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Baseball Notes, Not Likely Found Elsewhere

March 28, 2022

Let’s take a break from what has been an “if it can go wrong,it does/missed opportunities/must deal with the fall out, NCAA Basketball Tournament and cite a few random baseball notes.

Once, while working for ABC, a year after “getting” him, John Tudor and Tito Landrum for a post game 4/’85 World Series interview, Reggie Jackson asked that I go upstairs and ask the legendary Yankee Stadium public address announcer, Bob Sheppard to record an announcement, indicating Reggie was up to bat.

Mr. Jackson wanted Mr. Sheppard’s words and had secured such an “intro,” from another great P.A. man, Sherm Feller, for years in that role, at Fenway Park in Boston, Massachusetts.

Now “folla” (ode to Robert Shaw in “The Sting”) as greats “collide.”

Similar to Feller, being among the P.A. greats, Mel Allen has that status among baseball broadcasters, while Sandy Koufax is certainly accorded such esteem, when categorizing baseball’s top pitchers.

Sandy had shown signs of future greatness but was not “there,” yet, when Allen pronounced his last name “Koo”fax in his 1959 World Series (radio, as it was a rare year the Yankees were not in the W.S. and Mel so often was on the television broadcast with them) introduction.

Two years later, one player away from a big, deserved hand for former Boston (Braves) great left handed pitcher, Warren Spahn, I am pretty sure it was Feller (certainly Bob Feller was a great pitcher) who introduced “Sandy “Koo”fax,” at the second All-Star Game of 1961, which was played at Fenway Park.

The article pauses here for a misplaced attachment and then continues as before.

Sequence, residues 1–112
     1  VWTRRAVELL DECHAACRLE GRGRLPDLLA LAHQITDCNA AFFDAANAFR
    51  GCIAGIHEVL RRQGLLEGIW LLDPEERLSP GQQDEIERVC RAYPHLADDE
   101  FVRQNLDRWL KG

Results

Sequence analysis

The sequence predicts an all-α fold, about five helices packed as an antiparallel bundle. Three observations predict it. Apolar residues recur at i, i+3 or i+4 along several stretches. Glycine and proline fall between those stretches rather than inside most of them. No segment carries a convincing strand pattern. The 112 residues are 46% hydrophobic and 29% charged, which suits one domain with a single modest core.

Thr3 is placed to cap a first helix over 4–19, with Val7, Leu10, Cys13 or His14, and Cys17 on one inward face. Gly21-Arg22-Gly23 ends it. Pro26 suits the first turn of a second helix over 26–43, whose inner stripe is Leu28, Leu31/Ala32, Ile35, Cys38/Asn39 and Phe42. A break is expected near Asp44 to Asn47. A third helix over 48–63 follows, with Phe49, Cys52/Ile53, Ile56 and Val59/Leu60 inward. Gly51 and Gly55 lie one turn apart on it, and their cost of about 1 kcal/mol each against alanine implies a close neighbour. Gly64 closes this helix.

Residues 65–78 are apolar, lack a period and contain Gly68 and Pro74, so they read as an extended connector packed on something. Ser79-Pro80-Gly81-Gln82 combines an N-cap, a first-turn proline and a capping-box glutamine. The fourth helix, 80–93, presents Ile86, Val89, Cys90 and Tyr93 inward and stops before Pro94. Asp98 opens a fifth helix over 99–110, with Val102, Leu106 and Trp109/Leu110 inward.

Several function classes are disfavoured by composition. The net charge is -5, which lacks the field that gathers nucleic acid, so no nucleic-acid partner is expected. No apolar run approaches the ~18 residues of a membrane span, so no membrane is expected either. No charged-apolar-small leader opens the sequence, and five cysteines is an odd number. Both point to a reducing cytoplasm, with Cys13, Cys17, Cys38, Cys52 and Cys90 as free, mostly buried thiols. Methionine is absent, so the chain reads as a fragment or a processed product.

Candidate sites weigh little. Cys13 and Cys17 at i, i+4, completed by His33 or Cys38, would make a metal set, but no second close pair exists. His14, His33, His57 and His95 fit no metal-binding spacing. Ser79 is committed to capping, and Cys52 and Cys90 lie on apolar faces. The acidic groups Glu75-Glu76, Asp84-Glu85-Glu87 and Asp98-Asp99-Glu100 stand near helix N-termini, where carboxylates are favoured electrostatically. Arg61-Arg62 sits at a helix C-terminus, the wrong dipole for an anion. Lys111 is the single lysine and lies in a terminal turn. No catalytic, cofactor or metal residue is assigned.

You can not have such a game today and believe me, its result will always haunt me, however, the greatness and meaning of the one game playoff for the ’78 A.L. East crown, in principle supersedes its result.

Bill White, the starting N.L. first baseman in that ’61 All-Star tilt at Fenway Park, called Russell “Bucky” Dent’s three run, transformative (Boston fans have other names for it) homer, as a Yankees broadcaster those 17 years later in “same calendar” 1978

On the last Friday of the ’74 season, there are real races in three of the four divisions, truly compelling ones in two.

In a “meaningless”/non “div” race game, the starters are Mike Torrez for the Montreal Expos (remember them?) and Jim Lonborg for the Philadelphia Phillies.

On the last day of the incredible 1967 American League season/pennant race, Lonborg, though he and the Red Sox trailed (2-0), pitched Boston to the precipice of the pennant, in a win that knocked the Minnesota Twins out of the race.

When Dick McAuliffe, a title winner with the Tigers the next season, hit into his only double play of the season, the Angels were such to the Bo Sox, clinching the latter’s first A.L. flag in 21 years, doing so as a 100 to 1 “Impossible Dream” team.

11 years later in same calendar, 1978, though leading (2-0), Boston and Mike Torrez lost to the Yankees, who secured a third straight, true one quarter “div” title and eventually won a third straight pennant and second consecutive World Series.

Click below to see (I loosely paraphrase another Andy, (Warhol) regarding brief spotlight), me (Andy B.) appear in a black sweater and holding Reggie’s jacket at the 26 second mark, to procure interviews with Tudor and Landrum, for Reggie Jackson.

In a future post, much more on that story/event.

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